The gel manicure is a regular part of many people’s beauty routine.
The polish gives a long-lasting, high-gloss finish that’s dry to the touch soon after being cured under a dedicated lamp that emits UV light. The UV nail lamps are a common sight in nail salons and can also be purchased cheaply online.
A new study however, has given weight to concerns regular use of the lights put skin at risk.
Researchers from the University of California San Diego have published new research in scientific journal Nature Communications that shows exposure to the lamps can damage DNA and cause permanent mutations in human cells.
By exposing different human and animal cell types to the UV nail lamps, they observed that just one 20-minute session led to between 20-30% cell death, while three consecutive 20-minute exposures caused between 65-70% of the exposed cells to die.
The researchers state that regular use of these commonly used machines can lead to irreparable damage to human cells, causing mutations in remaining cells similar to those observed in skin cancer.
Having reported their initial findings, the group acknowledged some limitations in that the studies, saying research was done using in vitro cell line models and not in human beings and as such, ‘will not perfectly emulate’ outcomes in human beings.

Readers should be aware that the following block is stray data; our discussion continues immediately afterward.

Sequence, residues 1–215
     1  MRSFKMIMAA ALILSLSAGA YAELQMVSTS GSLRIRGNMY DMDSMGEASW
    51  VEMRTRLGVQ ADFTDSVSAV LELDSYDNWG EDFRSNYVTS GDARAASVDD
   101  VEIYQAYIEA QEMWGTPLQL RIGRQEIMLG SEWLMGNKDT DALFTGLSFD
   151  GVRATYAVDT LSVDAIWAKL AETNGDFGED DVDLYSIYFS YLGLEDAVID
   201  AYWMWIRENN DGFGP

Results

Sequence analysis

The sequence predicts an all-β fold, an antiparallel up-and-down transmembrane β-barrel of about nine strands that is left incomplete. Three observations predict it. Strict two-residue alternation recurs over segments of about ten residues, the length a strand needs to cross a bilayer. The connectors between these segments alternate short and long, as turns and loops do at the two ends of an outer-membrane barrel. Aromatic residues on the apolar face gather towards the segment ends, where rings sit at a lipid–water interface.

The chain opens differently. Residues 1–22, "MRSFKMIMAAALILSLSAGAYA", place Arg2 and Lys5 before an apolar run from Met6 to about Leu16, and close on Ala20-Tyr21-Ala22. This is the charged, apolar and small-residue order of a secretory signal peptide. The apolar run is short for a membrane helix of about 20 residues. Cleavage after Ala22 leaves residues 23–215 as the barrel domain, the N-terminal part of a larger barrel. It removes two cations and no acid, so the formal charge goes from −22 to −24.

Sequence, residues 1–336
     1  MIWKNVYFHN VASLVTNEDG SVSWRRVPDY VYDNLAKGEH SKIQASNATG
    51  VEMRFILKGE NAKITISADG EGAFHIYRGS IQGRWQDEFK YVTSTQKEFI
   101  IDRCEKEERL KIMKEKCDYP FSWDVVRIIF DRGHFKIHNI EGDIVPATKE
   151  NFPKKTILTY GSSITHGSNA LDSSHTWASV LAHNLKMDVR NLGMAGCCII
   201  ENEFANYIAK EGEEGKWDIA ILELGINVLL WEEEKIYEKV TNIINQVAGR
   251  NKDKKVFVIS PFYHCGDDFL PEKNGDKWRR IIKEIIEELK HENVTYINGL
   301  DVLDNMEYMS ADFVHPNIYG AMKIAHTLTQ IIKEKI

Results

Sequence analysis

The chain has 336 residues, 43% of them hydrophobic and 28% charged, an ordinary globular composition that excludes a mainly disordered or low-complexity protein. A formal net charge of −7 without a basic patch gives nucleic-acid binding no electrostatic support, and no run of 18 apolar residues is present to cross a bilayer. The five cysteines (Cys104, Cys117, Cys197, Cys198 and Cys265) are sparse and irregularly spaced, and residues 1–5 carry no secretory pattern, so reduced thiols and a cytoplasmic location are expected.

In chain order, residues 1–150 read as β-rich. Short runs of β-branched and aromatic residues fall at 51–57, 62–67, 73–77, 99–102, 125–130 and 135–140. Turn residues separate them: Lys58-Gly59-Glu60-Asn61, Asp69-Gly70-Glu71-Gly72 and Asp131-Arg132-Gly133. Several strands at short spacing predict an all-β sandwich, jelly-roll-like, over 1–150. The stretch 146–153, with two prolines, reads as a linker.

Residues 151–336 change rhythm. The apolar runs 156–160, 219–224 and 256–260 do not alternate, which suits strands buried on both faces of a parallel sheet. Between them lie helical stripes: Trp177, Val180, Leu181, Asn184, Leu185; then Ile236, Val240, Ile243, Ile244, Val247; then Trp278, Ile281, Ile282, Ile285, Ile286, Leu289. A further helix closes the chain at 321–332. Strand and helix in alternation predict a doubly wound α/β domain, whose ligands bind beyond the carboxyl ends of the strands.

However the group of researchers says combined with other studies and anecdotal evidence, ‘taken together, our experimental results and the prior evidence strongly suggest that radiation emitted by UV-nail polish dryers may cause cancers of the hand and that UV-nail polish dryers, similar to tanning beds, may increase the risk of early-onset skin cancer.’
The researchers suggest further study is needed to provide more details on the risk of the lamps causing skin cancer.
‘Future large-scale epidemiological studies are warranted to accurately quantify the risk for skin cancer of the hand in people regularly using UV-nail polish dryers’ says the report.
‘It is likely that such studies will take at least a decade to complete and to subsequently inform the general public.’
In the past some dermatologists and nail brands (unrelated to this study) have suggested if you are receiving a gel manicure using a UV curing lights, it’s a good idea to use a broad-spectrum sunscreen that is at least SPF 30 on your hands at least 20 minutes beforehand.